If you’ve noticed your digital camera’s battery power not lasting quite as long as it used to, that’s not a surprise. Rechargeable batteries tend to lose their ability to hold a full charge as they age and are re-used. Losing digital camera battery power is a frustrating problem to have, especially if your “battery empty” light flashes just as you prepare to take that once-in-a-lifetime photo. These tips and tricks should help you gain a little extra digital camera battery life …
even from an older camera battery.
Viewfinders save battery power
If your camera has an optical viewfinder (the small window at the back of the camera that you can use to frame images), you can turn off the LCD screen and only use the viewfinder. The LCD screen has large power demands.
Limit using the flash
Try to avoid using the flash, if at all possible. Continued use of the flash also drains the battery quickly. Obviously, there are some situations where a flash is required to create the photo, but, if you can shoot the picture with the flash turned off, do it to save some battery power.
Limit using Playback mode
Do not spend a lot of time reviewing your photos. The longer you have the LCD screen on — while you aren’t actually shooting photos — the faster your battery will drain in comparison to the number of photos you can shoot per charge. Spend more time reviewing your photos later when you return home and you have a fresh battery.
Activate power saving features
Use your camera’s power saving feature. Yes, I agree that this feature can be extremely annoying at times, as the camera goes into “sleep” mode when you haven’t used it for a set period of time. However, it does work to conserve battery power. To achieve the most battery power savings, set the “sleep” mode to kick in as quickly as possible.
With some cameras, this can be after as little as 15 or 30 seconds of inactivity.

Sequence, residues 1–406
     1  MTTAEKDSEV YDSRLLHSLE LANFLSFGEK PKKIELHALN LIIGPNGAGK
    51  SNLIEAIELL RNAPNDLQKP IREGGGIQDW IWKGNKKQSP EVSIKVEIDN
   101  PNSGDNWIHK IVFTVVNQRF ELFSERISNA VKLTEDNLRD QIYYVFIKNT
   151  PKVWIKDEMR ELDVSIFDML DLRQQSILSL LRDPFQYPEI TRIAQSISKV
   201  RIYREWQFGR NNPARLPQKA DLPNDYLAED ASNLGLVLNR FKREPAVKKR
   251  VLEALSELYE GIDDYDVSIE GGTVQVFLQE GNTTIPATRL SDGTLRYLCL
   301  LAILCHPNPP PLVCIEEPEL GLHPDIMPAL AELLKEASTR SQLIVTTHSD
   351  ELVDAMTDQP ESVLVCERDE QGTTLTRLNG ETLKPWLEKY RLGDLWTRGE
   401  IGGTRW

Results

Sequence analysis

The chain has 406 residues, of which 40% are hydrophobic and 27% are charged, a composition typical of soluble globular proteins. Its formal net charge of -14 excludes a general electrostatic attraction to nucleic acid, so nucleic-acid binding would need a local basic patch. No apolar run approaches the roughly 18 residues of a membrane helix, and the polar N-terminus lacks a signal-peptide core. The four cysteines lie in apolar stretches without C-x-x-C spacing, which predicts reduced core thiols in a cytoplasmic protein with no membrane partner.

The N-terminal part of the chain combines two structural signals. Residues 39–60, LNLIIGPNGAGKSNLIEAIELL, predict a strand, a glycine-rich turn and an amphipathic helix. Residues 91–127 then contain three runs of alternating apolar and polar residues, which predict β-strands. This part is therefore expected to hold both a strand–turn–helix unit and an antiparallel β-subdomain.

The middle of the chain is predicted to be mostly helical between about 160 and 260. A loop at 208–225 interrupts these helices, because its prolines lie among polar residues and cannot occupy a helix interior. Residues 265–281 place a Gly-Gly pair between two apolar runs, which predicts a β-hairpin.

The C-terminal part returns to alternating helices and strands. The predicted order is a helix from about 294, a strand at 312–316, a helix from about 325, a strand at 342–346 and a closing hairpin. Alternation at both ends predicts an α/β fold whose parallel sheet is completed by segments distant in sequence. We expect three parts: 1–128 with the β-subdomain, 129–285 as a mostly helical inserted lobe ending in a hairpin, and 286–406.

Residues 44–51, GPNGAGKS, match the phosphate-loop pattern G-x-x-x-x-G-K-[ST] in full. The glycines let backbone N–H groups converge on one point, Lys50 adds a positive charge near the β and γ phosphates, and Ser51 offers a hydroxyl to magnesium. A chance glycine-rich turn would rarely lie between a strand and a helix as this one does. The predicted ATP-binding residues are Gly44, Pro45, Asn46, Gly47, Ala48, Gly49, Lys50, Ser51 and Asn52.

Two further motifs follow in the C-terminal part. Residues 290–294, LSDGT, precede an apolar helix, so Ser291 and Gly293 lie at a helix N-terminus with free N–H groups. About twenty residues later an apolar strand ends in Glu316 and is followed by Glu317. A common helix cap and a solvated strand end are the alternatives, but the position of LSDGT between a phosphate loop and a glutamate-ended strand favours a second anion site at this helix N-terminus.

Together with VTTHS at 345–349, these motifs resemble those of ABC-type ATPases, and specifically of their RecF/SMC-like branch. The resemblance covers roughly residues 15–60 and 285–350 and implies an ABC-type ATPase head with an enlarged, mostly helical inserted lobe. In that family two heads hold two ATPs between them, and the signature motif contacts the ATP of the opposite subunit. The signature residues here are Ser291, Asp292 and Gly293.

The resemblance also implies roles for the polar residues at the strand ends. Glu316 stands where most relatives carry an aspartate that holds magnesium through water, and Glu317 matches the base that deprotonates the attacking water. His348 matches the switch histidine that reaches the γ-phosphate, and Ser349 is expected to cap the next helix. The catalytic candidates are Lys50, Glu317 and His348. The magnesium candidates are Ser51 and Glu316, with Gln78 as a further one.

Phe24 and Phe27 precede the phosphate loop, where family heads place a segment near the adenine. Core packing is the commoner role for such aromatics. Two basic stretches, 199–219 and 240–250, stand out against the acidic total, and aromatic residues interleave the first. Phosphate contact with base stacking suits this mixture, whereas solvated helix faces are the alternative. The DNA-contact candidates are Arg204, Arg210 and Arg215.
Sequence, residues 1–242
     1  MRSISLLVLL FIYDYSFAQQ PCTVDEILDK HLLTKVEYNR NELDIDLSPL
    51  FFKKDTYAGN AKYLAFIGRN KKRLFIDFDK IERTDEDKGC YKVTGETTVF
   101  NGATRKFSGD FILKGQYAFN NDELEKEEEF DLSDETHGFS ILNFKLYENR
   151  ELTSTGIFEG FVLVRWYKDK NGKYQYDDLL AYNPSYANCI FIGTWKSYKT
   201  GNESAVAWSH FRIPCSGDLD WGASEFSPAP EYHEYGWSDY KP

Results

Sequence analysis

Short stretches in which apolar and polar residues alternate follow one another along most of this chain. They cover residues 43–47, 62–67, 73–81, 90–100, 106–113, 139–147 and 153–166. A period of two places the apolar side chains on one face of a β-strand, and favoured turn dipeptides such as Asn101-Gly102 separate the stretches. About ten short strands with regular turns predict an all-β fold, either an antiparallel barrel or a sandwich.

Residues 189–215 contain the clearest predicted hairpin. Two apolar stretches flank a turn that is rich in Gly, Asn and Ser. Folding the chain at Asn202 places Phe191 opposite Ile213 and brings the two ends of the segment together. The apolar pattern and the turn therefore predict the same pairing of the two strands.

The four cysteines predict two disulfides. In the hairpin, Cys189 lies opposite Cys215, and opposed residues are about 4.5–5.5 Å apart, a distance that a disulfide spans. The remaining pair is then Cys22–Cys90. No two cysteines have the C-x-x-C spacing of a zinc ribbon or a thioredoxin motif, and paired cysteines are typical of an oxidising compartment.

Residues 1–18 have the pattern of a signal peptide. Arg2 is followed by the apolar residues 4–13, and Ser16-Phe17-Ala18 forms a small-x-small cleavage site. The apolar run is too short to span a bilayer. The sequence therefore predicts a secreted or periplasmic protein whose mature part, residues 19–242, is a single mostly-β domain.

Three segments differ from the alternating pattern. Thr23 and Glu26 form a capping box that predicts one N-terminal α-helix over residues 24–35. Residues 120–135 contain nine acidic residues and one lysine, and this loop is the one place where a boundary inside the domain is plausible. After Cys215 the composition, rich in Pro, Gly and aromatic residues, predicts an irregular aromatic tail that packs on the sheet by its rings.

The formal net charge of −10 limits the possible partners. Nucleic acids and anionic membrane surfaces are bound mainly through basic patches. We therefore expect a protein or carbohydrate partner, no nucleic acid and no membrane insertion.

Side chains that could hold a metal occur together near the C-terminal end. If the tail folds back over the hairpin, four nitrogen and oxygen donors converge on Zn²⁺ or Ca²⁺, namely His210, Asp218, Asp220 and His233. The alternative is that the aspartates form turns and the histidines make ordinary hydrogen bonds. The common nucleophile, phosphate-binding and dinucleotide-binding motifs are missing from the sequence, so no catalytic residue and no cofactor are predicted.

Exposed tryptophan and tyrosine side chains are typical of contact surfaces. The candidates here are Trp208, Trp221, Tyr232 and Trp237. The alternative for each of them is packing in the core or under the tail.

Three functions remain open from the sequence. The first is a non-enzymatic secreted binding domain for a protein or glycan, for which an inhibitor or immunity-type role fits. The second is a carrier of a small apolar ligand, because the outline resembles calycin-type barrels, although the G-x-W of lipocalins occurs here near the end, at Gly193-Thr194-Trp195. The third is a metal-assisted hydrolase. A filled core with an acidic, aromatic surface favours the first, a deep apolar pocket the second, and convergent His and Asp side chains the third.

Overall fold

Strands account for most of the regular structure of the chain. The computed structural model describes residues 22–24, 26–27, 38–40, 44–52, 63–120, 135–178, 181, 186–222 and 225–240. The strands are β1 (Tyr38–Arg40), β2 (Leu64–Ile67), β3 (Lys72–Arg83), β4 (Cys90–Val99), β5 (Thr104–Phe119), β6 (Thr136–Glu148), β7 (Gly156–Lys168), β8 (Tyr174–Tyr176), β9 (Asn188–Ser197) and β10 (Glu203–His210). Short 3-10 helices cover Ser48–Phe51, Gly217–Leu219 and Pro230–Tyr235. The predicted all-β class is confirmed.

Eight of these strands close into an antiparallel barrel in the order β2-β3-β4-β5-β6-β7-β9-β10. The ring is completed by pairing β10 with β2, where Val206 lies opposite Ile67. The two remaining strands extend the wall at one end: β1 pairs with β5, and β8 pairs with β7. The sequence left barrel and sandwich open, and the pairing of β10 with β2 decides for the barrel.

Reduce screen brightness
Turn down the LCD’s brightness level, if your camera allows this. A brighter LCD drains the battery faster. A dimmer LCD is more difficult to see, especially in bright sunlight, but it will help extend your battery life.
Don’t expect to match the manufacturer’s battery life claims
Don’t believe the claims of the manufacturer about how much life your batteries should have. When testing the battery life of their cameras, most manufacturers will conduct their measurements in perfect conditions, something you likely cannot recreate in real-world photography. If you’re able to achieve at least 75% of the battery life that the manufacturer claims, that’s a good starting point.
Newer batteries work better
To obtain the longest life from your batteries, don’t fall for the myth that says you should fully drain the battery before recharging it. In reality, a battery has “X” number of hours of use in it. If you’re using some of those hours to simply drain the battery, it won’t last as long over its lifetime. Just use the battery normally, and charge it when the battery needs a charge or when you’re done shooting.
A partial charge isn’t going to significantly affect the life of the modern battery. That may have been the case with rechargeable batteries from several years ago, but it’s not true with newer batteries.
Don’t turn the camera on and off repeatedly
Each time you restart most cameras, the introductory screen will appear for several seconds. Although this doesn’t seem like much time, if you turn the camera on and off 10 times, you’ll probably lose at least a minute of battery power, which may be the difference between snapping that last great photo and seeing the “battery empty” message. Use the “sleep” mode instead, which I discussed earlier.
Consider replacing older batteries
Finally, because all rechargeable batteries tend to hold less power as they age, you may simply want to purchase a second battery and have it charged and available. If you find yourself constantly altering your photography habits to try to conserve power with an older battery, you’re better off buying a second battery as a backup or an “insurance policy.”